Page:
Airline's address is a barMajor issues regarding a company bidding to provide Essential Air Service at the Dickinson Airport, only one of which is the airline being headquartered in a bar, were discussed at the Airport Authority Board’s monthly meeting Tuesday.
By: John Odermann The Dickinson Press, Worthington Daily Globe
DICKINSON - Major issues regarding a company bidding to provide Essential Air Service at the Dickinson Airport, only one of which is the airline being headquartered in a bar, were discussed at the Airport Authority Board’s monthly meeting Tuesday.
The Department of Transportation is considering bids from Dickinson’s current EAS service provider, Great Lakes Airlines, and a new airline, Sovereign Air. Sovereign Air’s bid came in at nearly $700,000 less than Great Lakes’ bid and has been the cause of concern to the board.
“It’s no great secret that Sovereign Air has got multiple problems with their proposal,” said Jon Frantsvog, board vice president.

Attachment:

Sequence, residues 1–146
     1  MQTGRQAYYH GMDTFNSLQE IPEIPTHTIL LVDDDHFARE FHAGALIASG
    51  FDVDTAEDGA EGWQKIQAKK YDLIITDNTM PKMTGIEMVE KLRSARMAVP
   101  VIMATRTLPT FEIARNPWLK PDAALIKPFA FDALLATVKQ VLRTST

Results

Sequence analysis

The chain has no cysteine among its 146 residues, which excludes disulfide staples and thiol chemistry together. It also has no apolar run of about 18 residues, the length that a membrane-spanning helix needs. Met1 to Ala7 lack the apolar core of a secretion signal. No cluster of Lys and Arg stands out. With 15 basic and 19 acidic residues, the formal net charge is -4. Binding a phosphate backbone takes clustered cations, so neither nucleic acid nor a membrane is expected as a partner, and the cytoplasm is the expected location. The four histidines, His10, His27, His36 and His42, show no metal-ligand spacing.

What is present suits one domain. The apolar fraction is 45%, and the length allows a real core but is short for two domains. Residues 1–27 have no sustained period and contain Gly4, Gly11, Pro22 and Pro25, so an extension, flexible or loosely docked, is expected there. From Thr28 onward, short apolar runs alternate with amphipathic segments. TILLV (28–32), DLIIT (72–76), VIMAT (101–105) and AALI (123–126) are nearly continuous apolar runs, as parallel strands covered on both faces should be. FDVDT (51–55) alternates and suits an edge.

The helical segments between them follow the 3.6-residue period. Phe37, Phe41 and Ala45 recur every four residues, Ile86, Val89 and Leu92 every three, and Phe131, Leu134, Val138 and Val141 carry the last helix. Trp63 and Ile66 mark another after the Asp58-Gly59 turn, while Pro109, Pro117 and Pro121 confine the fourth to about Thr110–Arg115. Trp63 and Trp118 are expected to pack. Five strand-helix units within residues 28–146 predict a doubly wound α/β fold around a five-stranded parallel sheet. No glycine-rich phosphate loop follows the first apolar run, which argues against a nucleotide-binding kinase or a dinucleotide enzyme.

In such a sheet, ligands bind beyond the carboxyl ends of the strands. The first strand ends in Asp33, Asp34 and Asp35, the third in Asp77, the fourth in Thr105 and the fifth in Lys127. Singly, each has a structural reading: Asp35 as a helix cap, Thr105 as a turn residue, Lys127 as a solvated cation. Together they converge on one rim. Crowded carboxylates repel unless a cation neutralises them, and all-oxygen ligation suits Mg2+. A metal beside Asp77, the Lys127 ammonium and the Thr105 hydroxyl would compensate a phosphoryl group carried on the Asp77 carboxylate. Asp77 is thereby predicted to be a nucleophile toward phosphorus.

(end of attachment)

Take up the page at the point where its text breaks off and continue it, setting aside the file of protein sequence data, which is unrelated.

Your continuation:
Airport Authority Board President Tom Reichert said officials from the DOT have informed him that the Sovereign Air bid may not be legitimate bid, but added there is still reason for concern because that hasn’t been announced to anyone if it is the case.
Frantsvog said he can’t see how the DOT would award the EAS to an unproven entity, especially with issues as glaring as those in the Sovereign Air bid.
“I can’t for the life of me imagine how the DOT, in good conscious, could award to somebody who doesn’t even hold a part 121 certificate, who doesn’t own an aircraft, who is unable to produce a bankable financing plan,” Frantsvog said. A part 121 certificate verifies the airline is certified to provide regularly-scheduled air service.
Reichert said the fact that Sovereign Air doesn’t have any real background is disturbing.
“We don’t know that it’s anything more than a name and a dream,” Reichert said.
Adding to the difficulty in the board taking the bid seriously is airport manager Matthew Remynse informed them that according to their corporation certificate the airline is headquartered out of the Tomahawk Bar in Belcourt.
“The address is the Tomahawk Bar in Belcourt? The whole thing is ludicrous,” Reichert said.
Reichert informed the board the DOT hopes to announce its decision on Nov. 1.
Frantsvog said in order to ensure the DOT makes the right decision it may be necessary more comments are sent by local leaders expressing support for Great Lakes continuing as the EAS provider.
He said the DOT “needs to know and appreciate the depth and the breadth that both Williston and Dickinson, the depth of appreciation that we have in our partner and relationship with Great Lakes.”